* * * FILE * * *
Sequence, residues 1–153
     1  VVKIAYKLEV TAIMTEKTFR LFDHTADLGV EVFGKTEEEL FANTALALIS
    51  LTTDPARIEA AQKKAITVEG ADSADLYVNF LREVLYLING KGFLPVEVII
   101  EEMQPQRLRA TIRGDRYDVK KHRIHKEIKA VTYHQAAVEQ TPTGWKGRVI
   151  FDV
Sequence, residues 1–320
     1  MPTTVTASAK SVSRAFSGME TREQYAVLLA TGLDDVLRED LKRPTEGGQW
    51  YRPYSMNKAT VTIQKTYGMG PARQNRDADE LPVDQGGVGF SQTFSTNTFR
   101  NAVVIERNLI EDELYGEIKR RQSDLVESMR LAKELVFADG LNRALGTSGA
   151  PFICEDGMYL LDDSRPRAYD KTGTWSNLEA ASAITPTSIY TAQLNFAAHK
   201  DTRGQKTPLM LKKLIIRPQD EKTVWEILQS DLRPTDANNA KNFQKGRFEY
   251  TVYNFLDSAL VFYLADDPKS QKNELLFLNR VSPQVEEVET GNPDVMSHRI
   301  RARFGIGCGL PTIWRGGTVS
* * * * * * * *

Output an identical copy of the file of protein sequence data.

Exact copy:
Sequence, residues 1–153
     1  VVKIAYKLEV TAIMTEKTFR LFDHTADLGV EVFGKTEEEL FANTALALIS
    51  LTTDPARIEA AQKKAITVEG ADSADLYVNF LREVLYLING KGFLPVEVII
   101  EEMQPQRLRA TIRGDRYDVK KHRIHKEIKA VTYHQAAVEQ TPTGWKGRVI
   151  FDV
Sequence, residues 1–320
     1  MPTTVTASAK SVSRAFSGME TREQYAVLLA TGLDDVLRED LKRPTEGGQW
    51  YRPYSMNKAT VTIQKTYGMG PARQNRDADE LPVDQGGVGF SQTFSTNTFR
   101  NAVVIERNLI EDELYGEIKR RQSDLVESMR LAKELVFADG LNRALGTSGA
   151  PFICEDGMYL LDDSRPRAYD KTGTWSNLEA ASAITPTSIY TAQLNFAAHK
   201  DTRGQKTPLM LKKLIIRPQD EKTVWEILQS DLRPTDANNA KNFQKGRFEY
   251  TVYNFLDSAL VFYLADDPKS QKNELLFLNR VSPQVEEVET GNPDVMSHRI
   301  RARFGIGCGL PTIWRGGTVS